Osaka YMCA
International School

Finding Connection: Suicide Prevention

two students talking
Thomas Bell

Thomas Bell

Mr. Tom has been working in the mental health field for fifteen years both in schools and in the community. He is a father of two and is happily married to his also counselor wife, Ms. Amy Pothong. He enjoys reading and drinking coffee when his children let him.

Look around at the people in your life and ask yourself, do they have someone they can talk to about serious issues? Let's prevent suicide by making connections with each other.

Finding Connection: Suicide Prevention

Did you know that over 20,000 Japanese people die every year due to suicide? For the first time in eleven years this number has gone up. But unlike in previous years, men didn’t account for the main increases. Instead, the instances of women and child suicides continue to climb. At 400 in 2020, this was the highest number ever recorded in Japan. COVID-19 and the fallout around it have presented the world with unprecedented problems. It’s no mystery that mental health has been one of the top casualties.

So what does this mean for Osaka YMCA International School and our community? And, more importantly, how do we prevent our students from becoming one of these statistics?

In my experience as a school counselor, one of the first red flags I look for when working with a student is whether or not they have someone in their life that they can talk to about important issues. One person. Anyone. A friend, a family member, a teacher, a counselor. They need someone.

The reason this is so important, without getting too much into the backstory of it, is that we humans evolved as a social species. We need to feel like we belong to a group. When we don’t feel like we belong or when we feel like we’ve been rejected or abandoned, we get strong feelings of anxiety and depression. This same double-headed monster loves to come at us simultaneously and has become an epidemic worldwide. For all people, loneliness is linked to adverse health consequences such as depression, sleep disturbances, cognitive decline, and impaired immunity. As mentioned, social isolation is a major risk factor for suicide. The feeling of not belonging or not feeling connected to other people can be detrimentally powerful. Isolation and disconnection are causing an epidemic of depression and the answer is to help people feel connected. They need one person to talk to openly. They need one person to talk to and not feel judged.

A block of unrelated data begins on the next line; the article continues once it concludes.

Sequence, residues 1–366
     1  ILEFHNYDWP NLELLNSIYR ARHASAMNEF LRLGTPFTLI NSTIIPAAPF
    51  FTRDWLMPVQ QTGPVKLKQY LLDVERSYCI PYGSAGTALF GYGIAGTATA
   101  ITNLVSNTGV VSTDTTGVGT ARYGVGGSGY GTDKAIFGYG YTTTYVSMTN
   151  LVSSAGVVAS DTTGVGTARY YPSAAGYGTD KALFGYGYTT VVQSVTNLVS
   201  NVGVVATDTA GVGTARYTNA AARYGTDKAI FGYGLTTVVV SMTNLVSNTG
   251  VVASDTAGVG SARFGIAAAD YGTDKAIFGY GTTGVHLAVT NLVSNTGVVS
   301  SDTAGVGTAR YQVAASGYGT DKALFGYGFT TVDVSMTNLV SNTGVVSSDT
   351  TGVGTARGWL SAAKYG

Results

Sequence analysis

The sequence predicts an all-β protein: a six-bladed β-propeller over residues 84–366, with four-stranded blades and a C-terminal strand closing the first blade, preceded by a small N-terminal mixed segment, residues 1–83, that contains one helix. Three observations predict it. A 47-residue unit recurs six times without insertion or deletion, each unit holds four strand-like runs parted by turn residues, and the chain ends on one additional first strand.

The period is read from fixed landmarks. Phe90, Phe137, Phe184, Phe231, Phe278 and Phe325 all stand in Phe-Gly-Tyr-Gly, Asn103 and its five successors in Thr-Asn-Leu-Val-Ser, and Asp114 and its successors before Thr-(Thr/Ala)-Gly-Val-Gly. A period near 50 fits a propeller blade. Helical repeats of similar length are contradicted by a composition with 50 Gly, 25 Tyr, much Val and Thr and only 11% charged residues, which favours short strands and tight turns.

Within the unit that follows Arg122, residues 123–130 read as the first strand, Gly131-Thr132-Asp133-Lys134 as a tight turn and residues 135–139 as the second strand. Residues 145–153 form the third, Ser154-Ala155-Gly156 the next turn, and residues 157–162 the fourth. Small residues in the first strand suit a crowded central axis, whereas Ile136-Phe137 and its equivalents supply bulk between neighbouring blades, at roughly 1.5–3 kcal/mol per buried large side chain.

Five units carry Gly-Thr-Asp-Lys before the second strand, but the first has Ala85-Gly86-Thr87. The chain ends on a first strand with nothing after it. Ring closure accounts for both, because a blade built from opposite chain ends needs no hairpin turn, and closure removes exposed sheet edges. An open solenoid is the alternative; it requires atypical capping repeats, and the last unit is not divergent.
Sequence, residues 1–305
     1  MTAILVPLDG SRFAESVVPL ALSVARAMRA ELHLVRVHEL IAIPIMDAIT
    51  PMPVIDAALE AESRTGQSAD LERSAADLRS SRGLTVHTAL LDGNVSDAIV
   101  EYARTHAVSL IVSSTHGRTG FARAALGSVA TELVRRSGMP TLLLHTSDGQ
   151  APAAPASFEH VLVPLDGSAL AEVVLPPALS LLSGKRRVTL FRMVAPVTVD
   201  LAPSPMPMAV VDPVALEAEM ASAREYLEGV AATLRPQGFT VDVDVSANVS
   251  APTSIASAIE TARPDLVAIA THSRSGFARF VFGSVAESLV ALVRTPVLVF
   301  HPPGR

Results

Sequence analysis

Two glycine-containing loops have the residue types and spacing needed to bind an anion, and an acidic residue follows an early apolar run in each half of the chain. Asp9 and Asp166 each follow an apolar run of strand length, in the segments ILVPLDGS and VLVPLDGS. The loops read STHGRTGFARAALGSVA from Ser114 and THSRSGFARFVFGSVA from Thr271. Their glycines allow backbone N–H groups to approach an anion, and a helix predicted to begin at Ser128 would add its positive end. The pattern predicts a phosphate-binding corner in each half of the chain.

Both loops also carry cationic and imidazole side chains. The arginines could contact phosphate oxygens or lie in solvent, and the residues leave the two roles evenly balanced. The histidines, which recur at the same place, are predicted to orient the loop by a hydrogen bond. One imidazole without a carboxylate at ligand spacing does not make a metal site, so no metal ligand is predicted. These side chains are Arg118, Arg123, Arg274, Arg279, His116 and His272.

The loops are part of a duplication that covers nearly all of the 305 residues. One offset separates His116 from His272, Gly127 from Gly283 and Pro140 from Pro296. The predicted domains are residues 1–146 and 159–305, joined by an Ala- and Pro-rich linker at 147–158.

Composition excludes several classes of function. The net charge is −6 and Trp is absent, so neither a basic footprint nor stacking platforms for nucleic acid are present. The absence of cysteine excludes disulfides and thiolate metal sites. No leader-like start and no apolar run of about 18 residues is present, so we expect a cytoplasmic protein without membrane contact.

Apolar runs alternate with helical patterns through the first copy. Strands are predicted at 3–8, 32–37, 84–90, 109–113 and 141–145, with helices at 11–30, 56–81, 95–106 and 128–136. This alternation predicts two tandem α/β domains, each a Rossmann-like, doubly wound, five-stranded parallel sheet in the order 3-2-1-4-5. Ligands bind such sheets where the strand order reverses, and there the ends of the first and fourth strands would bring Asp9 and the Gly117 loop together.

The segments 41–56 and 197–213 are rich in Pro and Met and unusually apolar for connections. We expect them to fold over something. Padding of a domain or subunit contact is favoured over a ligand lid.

So, my task for our community is this: look around at the people in your life and ask yourself, do they have someone they can talk to about serious issues? If the answer is no, or even if you don’t know what the answer is, try talking to them about it. Try to listen and be non-judgmental. Oftentimes it’s the fear of judgment from loved ones that prevents these people from opening up.

Not all of us are lucky enough to have someone to talk to or for the loved ones in our lives to be kind enough to give us this opportunity. If you or someone you know is isolated and disconnected call the TELL Lifeline at 03-5774- 0992 for some direct and free support. Or visit their website here. Have them reach out to a school counselor. It might just save a life.

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